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Editor’s Note: This story originally appeared on FlexJobs.com.
The future of work is an increasingly popular topic for job seekers and organizations alike. Everywhere you look, you’re seeing technological advancements occurring at breathtaking speed.
Additionally, shifting global markets and evolving industries are reshaping professional landscapes worldwide.
Artificial intelligence (AI) and automation are playing a significant role in almost every field. Experts predict that this shift will be as “significant as the mechanization in prior generations of agriculture and manufacturing.”
Those advancements bring the risk of job losses but also the creation of many new jobs and substantial changes to existing roles and routines.
Adaptability has never been more critical. Embracing the coming changes and updating your skill set and development goals is crucial to future-proofing your career.
The Current Landscape of Work
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For both employees and employers, embracing new business models and technologies is key.
Staying relevant and competitive will require learning to work with emerging technologies that assist and augment human work.
Technological Advancements Are Accelerating
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In a recent report, PricewaterhouseCoopers (PwC) speculates about four scenarios for work in 2030.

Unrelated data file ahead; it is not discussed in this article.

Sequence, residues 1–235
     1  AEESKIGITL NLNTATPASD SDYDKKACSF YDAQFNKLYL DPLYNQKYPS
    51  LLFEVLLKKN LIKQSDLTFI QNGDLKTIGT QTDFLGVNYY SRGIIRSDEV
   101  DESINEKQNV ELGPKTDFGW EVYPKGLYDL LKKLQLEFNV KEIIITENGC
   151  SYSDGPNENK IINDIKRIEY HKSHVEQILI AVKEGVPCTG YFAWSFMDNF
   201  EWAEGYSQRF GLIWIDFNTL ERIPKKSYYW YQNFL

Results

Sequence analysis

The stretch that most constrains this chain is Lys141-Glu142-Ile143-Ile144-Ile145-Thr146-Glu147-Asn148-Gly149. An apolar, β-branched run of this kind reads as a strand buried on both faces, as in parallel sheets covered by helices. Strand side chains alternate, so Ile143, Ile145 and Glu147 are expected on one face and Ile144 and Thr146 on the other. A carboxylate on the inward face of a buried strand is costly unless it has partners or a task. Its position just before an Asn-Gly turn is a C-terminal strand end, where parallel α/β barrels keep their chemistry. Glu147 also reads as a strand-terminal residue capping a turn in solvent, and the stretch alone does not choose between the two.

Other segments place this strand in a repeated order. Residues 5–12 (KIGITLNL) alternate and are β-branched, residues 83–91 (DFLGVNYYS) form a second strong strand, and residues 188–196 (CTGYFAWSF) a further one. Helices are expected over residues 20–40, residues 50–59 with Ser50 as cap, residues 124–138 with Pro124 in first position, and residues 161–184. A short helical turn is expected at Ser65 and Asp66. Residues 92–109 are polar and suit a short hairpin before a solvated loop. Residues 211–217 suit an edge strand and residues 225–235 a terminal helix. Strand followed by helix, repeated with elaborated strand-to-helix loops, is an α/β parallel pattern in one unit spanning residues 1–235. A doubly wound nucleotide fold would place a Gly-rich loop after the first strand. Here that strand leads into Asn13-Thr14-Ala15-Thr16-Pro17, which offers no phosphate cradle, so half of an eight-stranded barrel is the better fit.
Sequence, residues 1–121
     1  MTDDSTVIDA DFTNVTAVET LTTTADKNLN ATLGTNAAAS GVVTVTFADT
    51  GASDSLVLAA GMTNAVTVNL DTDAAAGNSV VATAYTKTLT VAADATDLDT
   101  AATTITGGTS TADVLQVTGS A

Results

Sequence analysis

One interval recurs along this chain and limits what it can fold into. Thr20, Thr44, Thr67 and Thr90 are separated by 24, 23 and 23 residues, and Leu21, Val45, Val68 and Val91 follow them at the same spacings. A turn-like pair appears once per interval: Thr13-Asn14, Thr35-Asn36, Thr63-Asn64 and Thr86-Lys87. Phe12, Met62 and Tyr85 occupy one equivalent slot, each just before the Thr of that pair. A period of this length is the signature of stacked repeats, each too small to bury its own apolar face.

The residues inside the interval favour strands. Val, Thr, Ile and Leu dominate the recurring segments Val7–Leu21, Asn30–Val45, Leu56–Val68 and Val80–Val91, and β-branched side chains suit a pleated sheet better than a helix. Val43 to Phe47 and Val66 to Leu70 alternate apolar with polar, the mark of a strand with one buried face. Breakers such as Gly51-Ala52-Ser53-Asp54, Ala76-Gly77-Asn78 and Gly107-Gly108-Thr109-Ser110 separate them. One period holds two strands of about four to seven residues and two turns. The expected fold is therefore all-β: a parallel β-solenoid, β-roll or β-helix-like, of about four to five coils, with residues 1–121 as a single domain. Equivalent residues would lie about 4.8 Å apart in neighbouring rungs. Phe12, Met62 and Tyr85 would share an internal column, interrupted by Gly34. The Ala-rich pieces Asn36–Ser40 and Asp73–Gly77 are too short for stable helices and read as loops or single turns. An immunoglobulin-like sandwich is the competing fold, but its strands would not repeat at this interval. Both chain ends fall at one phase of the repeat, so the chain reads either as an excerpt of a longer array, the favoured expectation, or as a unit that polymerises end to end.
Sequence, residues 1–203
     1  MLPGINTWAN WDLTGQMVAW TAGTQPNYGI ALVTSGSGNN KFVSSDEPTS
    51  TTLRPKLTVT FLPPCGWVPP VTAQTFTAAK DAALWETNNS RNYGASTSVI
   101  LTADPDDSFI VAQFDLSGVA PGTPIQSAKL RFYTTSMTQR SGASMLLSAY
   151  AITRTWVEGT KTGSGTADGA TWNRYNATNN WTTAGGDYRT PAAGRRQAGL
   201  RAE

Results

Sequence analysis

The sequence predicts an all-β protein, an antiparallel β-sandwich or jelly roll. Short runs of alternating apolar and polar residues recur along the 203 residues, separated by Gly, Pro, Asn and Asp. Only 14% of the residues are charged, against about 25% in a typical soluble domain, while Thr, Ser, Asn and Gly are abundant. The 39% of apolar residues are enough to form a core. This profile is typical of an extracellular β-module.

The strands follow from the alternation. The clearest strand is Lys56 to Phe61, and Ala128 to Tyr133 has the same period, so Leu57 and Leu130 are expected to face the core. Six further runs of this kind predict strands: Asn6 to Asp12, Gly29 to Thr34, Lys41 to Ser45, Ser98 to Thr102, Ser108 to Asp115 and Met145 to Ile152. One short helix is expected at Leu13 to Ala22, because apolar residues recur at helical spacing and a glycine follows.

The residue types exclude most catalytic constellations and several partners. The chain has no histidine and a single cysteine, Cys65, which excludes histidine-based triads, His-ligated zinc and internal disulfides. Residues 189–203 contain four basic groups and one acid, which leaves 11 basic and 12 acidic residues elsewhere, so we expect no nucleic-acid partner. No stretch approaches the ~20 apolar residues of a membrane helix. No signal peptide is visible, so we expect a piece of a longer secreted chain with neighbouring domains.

While there’s no crystal ball and a wide range of scenarios, the spectrum ranges from a lack of regulation and large global corporations dominating the landscape to a rise in diversity and equity with individual entrepreneurship and smaller startups taking the lead.
However, there’s a common theme in all four of these scenarios: machines and automation will likely “replace workers doing mundane, repetitive tasks.”
We can already see this shift happening today. New technologies, such as artificial intelligence and automation, have significantly impacted work across various industries.
The COVID-19 pandemic catalyzed transformations that would have likely come anyway, just at a much slower pace. New jobs have been created rapidly, and existing jobs are shifting.
More hopeful research comes out of MIT. A recent paper highlights the differences in how humans and machines process and share information. While there is likely to be a significant shift in how work is performed with new labor-saving technologies, MIT acknowledges that governments, businesses and society can smooth the transition.
Business Models Are Changing
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Companies strive to compete by hiring teams of experts for new technologies as quickly as they’re created.
To lure top talent, organizations are adapting their structures. Increased focus on flexibility, efficiency, and innovation has allowed companies to respond with agility to the shifting global economy.